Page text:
The Duke of Sussex will return to the UK next month to attend an award ceremony on the eve of the first anniversary of Elizabeth II’s death.
Prince Harry, 38, will deliver a speech at the WellChild Awards in London on September 7.
The engagement means he will likely be in the UK for the September 8 anniversary of his grandmother’s death before flying to Dusseldorf for the Invictus Games, which begin on September 9.
However, he is not expected to see the King, who will be at Balmoral, or his brother Prince William, with whom he has not been in contact for many months.
The Duke will not be accompanied by Meghan, 42, who will fly straight to Dusseldorf from California a few days later.
For the first time since moving abroad, Harry will be forced to ask permission from Buckingham Palace for accommodation, having been evicted from Frogmore Cottage, his Windsor home, earlier this summer.
The last time he stayed at the Grade II-listed property was when he returned for three nights in June to give evidence in his High Court phone hacking case against Mirror Group Newspapers.
While on UK soil, the Duke must request access to an apartment on one of the royal estates, such as Windsor, or otherwise stay with friends or at a hotel.
When the Sussexes were evicted from Frogmore, the King agreed to provide alternative accommodation when they returned to the UK.
Harry will be accompanied on his brief trip by his private security team as he is no longer entitled to automatic police protection when in the UK.
By the time he arrives, the Prince and Princess of Wales will have returned to their Windsor home after the summer holidays. The new school term for their three children begins on September 6.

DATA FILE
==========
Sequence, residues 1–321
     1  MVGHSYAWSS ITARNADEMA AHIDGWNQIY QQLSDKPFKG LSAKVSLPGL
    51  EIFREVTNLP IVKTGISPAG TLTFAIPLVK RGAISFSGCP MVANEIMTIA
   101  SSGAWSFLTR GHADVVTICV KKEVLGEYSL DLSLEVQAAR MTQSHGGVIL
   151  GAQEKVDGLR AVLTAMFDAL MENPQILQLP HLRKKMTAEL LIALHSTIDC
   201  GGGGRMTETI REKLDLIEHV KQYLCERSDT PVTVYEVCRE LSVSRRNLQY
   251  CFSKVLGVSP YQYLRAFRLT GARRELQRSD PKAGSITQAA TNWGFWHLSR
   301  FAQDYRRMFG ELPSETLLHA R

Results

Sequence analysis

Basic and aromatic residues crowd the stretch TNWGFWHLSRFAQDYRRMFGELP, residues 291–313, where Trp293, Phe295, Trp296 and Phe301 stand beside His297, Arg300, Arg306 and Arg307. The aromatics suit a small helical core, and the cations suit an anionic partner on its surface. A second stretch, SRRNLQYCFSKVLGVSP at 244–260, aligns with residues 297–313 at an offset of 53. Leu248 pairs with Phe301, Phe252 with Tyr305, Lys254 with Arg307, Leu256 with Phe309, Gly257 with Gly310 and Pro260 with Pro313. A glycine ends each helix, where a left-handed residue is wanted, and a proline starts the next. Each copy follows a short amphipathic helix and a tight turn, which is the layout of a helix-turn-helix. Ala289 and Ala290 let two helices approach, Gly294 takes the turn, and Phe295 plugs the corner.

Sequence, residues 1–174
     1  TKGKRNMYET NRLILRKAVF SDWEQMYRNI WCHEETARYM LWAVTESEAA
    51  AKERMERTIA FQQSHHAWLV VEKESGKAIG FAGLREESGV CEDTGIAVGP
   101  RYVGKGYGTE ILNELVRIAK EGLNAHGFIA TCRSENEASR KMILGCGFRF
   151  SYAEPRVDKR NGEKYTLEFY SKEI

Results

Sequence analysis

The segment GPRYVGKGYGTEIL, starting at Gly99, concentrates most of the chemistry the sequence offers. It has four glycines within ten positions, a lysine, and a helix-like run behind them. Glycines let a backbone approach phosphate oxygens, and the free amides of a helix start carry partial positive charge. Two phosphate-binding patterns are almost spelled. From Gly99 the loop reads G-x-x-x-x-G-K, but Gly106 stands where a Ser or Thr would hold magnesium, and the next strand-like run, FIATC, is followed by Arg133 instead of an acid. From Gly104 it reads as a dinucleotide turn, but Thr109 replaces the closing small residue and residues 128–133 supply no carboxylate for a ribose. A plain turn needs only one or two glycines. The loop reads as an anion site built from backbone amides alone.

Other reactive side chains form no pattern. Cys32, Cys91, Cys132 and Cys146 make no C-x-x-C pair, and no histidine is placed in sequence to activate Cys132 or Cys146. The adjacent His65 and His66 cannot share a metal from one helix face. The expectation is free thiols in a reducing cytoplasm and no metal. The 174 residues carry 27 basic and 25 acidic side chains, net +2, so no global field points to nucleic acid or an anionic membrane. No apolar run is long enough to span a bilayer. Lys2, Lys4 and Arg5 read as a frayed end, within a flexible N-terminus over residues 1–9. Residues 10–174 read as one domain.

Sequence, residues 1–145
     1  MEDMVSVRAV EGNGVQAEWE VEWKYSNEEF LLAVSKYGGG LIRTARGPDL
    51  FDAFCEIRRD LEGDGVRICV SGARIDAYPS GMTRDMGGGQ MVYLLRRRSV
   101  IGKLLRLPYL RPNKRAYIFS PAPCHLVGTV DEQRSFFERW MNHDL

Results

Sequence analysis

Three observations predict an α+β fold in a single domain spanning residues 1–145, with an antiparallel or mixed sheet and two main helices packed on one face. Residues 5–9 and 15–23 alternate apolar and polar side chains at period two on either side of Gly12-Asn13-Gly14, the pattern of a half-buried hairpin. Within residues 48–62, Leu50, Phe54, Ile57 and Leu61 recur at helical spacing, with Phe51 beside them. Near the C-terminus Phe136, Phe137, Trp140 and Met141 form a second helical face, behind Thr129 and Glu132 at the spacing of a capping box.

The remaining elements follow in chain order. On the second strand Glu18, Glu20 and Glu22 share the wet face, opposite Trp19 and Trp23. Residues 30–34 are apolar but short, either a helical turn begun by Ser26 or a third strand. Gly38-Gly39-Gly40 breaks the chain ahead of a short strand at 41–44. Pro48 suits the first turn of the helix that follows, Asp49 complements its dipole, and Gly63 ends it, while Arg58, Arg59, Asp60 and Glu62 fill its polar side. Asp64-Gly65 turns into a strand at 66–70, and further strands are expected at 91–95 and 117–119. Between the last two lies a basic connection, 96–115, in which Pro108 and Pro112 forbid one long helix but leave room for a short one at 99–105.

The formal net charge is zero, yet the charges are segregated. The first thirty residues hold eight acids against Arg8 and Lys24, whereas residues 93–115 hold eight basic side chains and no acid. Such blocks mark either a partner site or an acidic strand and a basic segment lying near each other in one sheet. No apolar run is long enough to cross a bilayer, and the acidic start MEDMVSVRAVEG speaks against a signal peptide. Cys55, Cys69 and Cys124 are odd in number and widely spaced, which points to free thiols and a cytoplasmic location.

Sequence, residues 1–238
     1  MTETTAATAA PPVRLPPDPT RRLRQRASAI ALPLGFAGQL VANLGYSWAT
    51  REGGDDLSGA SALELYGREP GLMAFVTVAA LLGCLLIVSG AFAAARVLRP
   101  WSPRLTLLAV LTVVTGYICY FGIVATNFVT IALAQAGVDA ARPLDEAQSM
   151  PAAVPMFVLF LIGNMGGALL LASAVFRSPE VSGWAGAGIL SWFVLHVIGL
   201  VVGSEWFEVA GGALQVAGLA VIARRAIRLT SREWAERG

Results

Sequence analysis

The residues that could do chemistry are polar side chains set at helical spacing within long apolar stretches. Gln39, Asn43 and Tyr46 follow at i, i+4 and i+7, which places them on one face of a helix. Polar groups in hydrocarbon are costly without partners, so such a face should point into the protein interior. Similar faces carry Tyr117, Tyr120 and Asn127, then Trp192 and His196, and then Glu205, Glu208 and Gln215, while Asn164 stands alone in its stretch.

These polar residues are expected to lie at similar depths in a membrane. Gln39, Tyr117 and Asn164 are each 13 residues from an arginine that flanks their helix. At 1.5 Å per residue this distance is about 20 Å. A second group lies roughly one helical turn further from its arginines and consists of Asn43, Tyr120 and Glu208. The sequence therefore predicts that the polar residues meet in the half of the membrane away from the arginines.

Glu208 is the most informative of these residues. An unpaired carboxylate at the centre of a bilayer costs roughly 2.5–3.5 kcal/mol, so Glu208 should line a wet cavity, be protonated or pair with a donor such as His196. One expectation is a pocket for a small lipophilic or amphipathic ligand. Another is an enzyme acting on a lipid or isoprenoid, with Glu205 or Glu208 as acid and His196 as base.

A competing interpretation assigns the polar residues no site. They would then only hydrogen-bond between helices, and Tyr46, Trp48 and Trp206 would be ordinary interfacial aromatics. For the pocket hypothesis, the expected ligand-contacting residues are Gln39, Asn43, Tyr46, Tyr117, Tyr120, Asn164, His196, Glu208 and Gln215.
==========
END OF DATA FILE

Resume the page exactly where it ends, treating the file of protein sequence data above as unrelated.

The couple will conduct a public engagement outside London on September 8, during which they will acknowledge the anniversary of the Queen’s death.
The Duke has been patron of WellChild, the national charity for seriously ill children, for 15 years and it was one of the few private patronages he retained when he stepped back from royal duties.
Last year’s award ceremony took place on September 8 – the day of the Queen’s death.
The Duke had been due to attend and give a speech but pulled out as he raced up to Scotland in the hope of seeing his grandmother one last time.
In the event, he did not make it and the monarch’s death was announced shortly before his plane touched down in Aberdeen.
This year, he will present the award for most inspirational child aged between four and six and will deliver a speech.
He will spend time with each winner and their families at a pre-ceremony reception, listening to their stories.
The Duke said: “For nearly 20 years, WellChild has been transforming the lives of children and young people across the UK, providing critical care that prioritises the physical, mental and emotional wellbeing of these individuals and their families.
“The courage and strength embodied by these young people – and the tireless devotion of those who support them – never cease to inspire me. I’m honoured to attend this year’s awards ceremony and celebrate their incredible work.”
Matt James, the chief executive of WellChild, said the award ceremony provided a unique opportunity to shine a light on the challenges faced by the growing number of children and young people in the UK living with long-term, complex medical needs.
He said it would also celebrate their “remarkable resilience and spirit” and recognise the dedication of those who care for them.